Search
  • ashmadden

"I have a cunning plan....."


How many times have you heard this? And how many times has it turned out to be true? I'm not talking about the well known TV series but in business. How often do you work with, or for, companies and people that appear to have no plan at all? Or a plan which bears no relation to reality? How often do you see multiple different, conflicting plans within the same company, department or, in some cases, person?


Unfortunately, it's no laughing matter when it comes to achieving the goals expected by the company. Imagine you're planning a holiday: most people would have some idea of their goal for the holiday (for example, relaxation, warmth, sunshine); they would look at what's available; they would evaluate the alternatives; they would decide how to proceed, how it would be funded and who will do the booking; someone would make the booking and would feedback success or otherwise. If unsuccessful, they would revisit one or more of the previous steps but most likely in the same order.


With a business it's rather more complex and it's easy for the different steps to become disconnected. Do the people tasked with executing the plan know what goals they're trying to achieve? Did anyone analyse and assess the alternatives? Is the past assessment still valid today or tomorrow? How, if at all, is feedback captured and used to inform the decision making process? If the plan didn't work out as expected, why was that? Was it poor execution? Was it the wrong plan in the first place? Does anyone care when they're busy with their "day job"?


Fortunately, there are methodologies to help with business planning and they needn't be overly cunning. One such example is shown above and can be applied to companies of any size.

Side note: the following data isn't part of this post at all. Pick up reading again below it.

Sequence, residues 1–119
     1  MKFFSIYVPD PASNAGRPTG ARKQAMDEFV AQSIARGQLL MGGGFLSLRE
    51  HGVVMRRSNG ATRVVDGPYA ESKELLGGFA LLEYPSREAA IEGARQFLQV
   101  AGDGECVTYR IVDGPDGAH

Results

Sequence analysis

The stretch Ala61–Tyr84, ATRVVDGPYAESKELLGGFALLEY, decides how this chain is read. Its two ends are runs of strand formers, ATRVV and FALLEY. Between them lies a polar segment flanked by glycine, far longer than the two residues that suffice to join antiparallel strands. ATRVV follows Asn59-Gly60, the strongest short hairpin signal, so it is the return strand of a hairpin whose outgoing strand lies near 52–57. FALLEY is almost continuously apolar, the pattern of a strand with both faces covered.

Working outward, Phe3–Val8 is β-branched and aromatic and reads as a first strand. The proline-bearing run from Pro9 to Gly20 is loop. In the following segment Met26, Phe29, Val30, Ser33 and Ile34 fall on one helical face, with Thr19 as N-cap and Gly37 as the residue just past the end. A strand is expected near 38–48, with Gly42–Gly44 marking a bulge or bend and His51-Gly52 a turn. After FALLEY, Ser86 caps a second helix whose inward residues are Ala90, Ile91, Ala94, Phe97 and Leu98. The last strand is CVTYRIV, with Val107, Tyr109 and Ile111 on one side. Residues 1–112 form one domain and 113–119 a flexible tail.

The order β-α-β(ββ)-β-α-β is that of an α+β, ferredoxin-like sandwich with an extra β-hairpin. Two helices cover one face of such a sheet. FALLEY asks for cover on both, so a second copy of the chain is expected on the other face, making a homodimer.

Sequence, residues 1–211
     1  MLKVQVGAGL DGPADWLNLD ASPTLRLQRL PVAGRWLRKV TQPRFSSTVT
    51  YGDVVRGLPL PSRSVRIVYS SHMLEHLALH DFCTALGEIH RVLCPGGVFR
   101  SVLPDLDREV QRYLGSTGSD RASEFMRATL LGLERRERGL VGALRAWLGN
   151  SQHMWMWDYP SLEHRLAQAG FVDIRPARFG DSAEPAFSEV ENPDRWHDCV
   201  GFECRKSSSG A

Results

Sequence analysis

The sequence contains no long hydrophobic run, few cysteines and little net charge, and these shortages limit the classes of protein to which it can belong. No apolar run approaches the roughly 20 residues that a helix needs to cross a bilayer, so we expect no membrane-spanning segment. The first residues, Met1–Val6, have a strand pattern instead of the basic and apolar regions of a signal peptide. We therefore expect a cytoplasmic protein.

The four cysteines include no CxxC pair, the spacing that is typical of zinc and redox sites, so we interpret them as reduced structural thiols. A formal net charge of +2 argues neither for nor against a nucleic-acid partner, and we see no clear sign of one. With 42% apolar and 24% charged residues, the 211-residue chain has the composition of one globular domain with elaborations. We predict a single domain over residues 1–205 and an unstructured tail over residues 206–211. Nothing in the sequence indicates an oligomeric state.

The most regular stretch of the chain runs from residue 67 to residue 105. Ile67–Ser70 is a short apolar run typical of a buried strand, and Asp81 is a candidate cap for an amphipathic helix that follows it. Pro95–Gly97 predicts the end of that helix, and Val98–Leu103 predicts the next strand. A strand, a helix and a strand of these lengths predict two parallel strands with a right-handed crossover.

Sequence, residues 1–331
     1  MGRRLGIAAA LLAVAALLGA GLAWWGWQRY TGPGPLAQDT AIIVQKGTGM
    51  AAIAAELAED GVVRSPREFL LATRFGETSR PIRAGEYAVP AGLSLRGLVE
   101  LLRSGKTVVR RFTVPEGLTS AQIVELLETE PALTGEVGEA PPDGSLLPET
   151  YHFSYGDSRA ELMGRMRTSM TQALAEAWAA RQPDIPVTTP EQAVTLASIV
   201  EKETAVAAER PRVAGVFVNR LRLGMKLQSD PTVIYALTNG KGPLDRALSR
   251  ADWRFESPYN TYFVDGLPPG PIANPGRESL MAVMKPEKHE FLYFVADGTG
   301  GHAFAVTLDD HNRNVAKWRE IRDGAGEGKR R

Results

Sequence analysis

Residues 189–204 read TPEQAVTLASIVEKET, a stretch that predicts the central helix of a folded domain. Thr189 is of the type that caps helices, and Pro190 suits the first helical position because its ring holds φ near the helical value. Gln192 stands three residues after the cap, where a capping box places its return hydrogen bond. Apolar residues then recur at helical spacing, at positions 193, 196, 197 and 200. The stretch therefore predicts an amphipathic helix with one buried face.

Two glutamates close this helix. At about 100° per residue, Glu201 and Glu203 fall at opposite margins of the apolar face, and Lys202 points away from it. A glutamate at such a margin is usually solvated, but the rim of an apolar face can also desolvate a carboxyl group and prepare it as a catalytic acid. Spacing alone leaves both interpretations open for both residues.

Step one: define the company's goals.

What kind of business are we running? What are our core values and what matters to us? What are we prepared to put into the business; what do we expect to get out and when? What compromises are we willing to make to achieve the above?


Step two: define the company's strategy.

Where do we fit in the market? What have we got that's unique and different? How can we defend our position against others? How can we maintain our edge as markets evolve? What could we do to make our offer more unique and more different? What value does this deliver to our customers, our partners, our investors and ourselves?


Step three: define the company's objectives.

What opportunities do we have? How should we evaluate them? What markets should we pursue first? What products and services are the best fit? What capabilities do we have? What is our channel partner strategy?


Step four: plan the company's activities.

Who is involved in planning? How and when will it be done? How should we involve channel partners? How do we assign resources and targets? How do we engage resources from our channel partners? How do we engage our customers? How do we motivate everyone involved?


Step five: execute the plan.

How do we create an action plan that actually delivers results? How do we achieve the outcomes we expect, when we expect them? How do we measure results? How do we ensure everyone is in agreement on what needs to be done? How realistic is the plan? Can the results be delivered on time?


Management

Company management plays a role throughout to ensure that all of the above can be monitored, managed and communicated. Management also oversees and ensures legal, ethical and standards compliance not just as part of the plan execution but at all stages of the process.


Feedback

The importance of feedback from every stage of the process cannot be overstated. Can the strategy meet, and continue to meet, the company goals? Can the chosen opportunities deliver the results expected by the company? How well do they fit with the company strategy? Do we have the resources to meet our objectives? Are all parties sufficiently motivated to achieve our objectives? How is the plan execution progressing? Are we meeting our targets? Will we meet our targets? Are we in compliance?


Do we have a cunning plan?

If we have a method to create a plan (cunning or otherwise) and stick to it, our chances of success improve. Better still, our plan can continue to stay relevant and drive our business in the future too.


Ash Madden is Founder and Director of Madden Associates Limited, the Specialist Channel Sales & Partnering Consultancy


#efficiency #returns #partnering #channels #sales

37 views0 comments